Most Read... Rebecca WattsThe Cult of the Noble Amateur
(PN Review 239)
John McAuliffeBill Manhire in Conversation with John McAuliffe
(PN Review 259)
Patricia CraigVal Warner: A Reminiscence
(PN Review 259)
Eavan BolandA Lyric Voice at Bay
(PN Review 121)
Vahni CapildeoOn Judging Prizes, & Reading More than Six Really Good Books
(PN Review 237)
Christopher MiddletonNotes on a Viking Prow
(PN Review 10)
Next Issue Gwyneth Lewis ‘Spiderings’ Ian Thomson ‘Fires were started: Tallinn, 1944’ Adrian May ‘Traditionalism and Tradition’ Judith Herzberg ‘Poems’ translated by Margitt Lehbert Horatio Morpurgo ‘What is a Book?’
Poems Articles Interviews Reports Reviews Contributors
Reader Survey
PN Review Substack

This report is taken from PN Review 158, Volume 30 Number 6, July - August 2004.

Letter from Wales Sam Adams

In the wake of last year's Welsh Assembly elections, Plaid Cymru, which suffered a damaging reverse, found itself in disarray. The party's leader and president, Ieuan Wynn Jones, resigned - and then offered himself for re-election as leader in the chamber only. To the surprise of many he won the contest. The winner of the subsequent presidential election was equally unexpected: Dafydd Iwan. The latter is clearly well known among the party membership, and well supported, particularly by the younger element, but I doubt his past fame and current political eminence in Wales have registered beyond Offa's Dyke.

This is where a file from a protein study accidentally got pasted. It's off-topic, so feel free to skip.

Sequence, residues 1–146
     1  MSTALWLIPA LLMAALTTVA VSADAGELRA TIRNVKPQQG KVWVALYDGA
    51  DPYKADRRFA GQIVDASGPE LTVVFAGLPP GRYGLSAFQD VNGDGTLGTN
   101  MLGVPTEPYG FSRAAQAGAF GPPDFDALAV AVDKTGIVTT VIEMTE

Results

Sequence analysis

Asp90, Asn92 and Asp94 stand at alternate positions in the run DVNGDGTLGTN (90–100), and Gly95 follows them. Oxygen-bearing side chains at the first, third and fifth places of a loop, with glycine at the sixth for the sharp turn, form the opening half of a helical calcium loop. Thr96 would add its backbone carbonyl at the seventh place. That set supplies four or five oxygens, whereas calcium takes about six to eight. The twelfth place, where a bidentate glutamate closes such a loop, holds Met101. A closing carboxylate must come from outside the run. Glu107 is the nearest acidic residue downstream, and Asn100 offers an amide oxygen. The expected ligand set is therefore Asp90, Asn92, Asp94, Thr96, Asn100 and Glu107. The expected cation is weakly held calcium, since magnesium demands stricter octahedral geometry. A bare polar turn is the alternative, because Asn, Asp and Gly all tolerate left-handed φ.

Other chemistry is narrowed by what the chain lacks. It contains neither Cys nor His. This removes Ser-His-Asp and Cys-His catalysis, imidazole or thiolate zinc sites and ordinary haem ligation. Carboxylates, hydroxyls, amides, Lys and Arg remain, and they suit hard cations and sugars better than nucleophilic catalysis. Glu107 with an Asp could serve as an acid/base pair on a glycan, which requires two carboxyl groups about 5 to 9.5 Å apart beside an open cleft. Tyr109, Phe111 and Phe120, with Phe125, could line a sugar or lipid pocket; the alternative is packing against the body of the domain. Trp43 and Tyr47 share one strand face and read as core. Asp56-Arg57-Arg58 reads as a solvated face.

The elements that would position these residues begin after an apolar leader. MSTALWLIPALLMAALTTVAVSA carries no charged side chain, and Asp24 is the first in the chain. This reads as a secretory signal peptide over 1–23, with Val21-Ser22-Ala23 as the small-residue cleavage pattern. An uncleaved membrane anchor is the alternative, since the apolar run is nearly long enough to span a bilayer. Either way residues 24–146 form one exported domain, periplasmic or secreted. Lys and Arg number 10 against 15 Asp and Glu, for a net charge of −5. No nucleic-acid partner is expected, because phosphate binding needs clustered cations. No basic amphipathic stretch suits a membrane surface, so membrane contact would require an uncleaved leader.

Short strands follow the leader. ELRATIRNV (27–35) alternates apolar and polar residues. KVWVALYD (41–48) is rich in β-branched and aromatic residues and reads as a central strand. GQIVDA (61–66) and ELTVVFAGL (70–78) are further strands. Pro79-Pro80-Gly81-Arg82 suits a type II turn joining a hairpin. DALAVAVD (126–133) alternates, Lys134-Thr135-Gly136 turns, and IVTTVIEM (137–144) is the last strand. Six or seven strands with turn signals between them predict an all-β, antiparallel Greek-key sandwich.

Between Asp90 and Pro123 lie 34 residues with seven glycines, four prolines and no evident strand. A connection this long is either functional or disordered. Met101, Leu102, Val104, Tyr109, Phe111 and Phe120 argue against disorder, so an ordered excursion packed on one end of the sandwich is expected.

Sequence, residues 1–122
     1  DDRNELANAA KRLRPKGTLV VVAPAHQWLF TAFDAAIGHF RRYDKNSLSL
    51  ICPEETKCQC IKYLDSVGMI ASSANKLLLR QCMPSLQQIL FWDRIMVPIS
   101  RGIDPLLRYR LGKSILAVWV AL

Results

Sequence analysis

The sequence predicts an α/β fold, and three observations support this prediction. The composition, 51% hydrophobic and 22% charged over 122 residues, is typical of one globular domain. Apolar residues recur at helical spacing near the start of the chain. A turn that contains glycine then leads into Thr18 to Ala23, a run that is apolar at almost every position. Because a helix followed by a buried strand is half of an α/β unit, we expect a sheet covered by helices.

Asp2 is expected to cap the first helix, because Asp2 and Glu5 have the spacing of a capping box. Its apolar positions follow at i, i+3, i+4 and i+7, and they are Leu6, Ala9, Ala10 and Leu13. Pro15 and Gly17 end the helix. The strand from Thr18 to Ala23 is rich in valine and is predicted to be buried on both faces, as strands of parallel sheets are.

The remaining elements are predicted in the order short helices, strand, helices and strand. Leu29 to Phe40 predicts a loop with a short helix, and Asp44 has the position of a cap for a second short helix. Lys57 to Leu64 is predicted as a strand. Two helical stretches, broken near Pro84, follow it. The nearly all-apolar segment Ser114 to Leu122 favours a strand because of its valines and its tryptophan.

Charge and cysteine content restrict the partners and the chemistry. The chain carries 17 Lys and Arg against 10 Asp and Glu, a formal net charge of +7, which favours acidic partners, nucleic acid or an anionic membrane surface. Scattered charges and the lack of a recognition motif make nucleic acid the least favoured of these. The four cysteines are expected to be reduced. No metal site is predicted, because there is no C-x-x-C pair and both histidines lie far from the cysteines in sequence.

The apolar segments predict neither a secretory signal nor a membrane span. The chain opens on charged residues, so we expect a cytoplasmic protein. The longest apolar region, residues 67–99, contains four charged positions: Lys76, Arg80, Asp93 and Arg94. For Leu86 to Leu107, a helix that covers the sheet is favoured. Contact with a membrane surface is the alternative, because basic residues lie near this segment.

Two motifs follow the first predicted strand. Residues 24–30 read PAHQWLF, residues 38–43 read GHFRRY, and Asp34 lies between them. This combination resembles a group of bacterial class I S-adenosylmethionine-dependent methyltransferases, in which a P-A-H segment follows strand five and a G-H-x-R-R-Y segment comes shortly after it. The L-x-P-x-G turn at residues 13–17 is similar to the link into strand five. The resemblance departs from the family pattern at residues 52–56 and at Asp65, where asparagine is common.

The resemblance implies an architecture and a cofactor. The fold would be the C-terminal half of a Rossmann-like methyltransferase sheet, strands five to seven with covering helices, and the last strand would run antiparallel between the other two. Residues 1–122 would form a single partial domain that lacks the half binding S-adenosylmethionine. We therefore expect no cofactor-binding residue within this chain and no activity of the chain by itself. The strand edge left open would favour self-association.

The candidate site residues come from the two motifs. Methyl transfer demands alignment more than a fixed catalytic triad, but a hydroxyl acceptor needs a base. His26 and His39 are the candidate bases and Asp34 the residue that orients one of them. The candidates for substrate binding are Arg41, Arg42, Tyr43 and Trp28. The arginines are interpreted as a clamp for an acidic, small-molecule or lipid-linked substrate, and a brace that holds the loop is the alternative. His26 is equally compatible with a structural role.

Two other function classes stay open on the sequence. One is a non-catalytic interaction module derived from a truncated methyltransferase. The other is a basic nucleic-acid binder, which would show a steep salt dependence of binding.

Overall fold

He was born in Brynaman, Carmarthenshire, in 1943. His father, a bookish Independent minister, was related to a famous family of beirdd gwlad (country poets), steeped in the essentially amateur Welsh-language tradition of composition and, often competitive, performance in the community and further afield. In his essay in Artists in Wales 3 (edited by Meic Stephens, 1977), Dafydd Iwan recounts his introduction to public performance in his father's chapel and at Sunday School and chapel eisteddfodau, before progression, via the village eisteddfod and local Urdd eisteddfod to the Urdd National, singing penillion in the under-twelve competition. (I have written - in PNR 135 - about the Urdd, the biggest youth movement in Europe, and rejoice that it continues, still very much the same organisation of which I was a member in my schooldays.) He is a graduate of the Welsh School of Architecture but has never practised as an ...

Searching, please wait... animated waiting image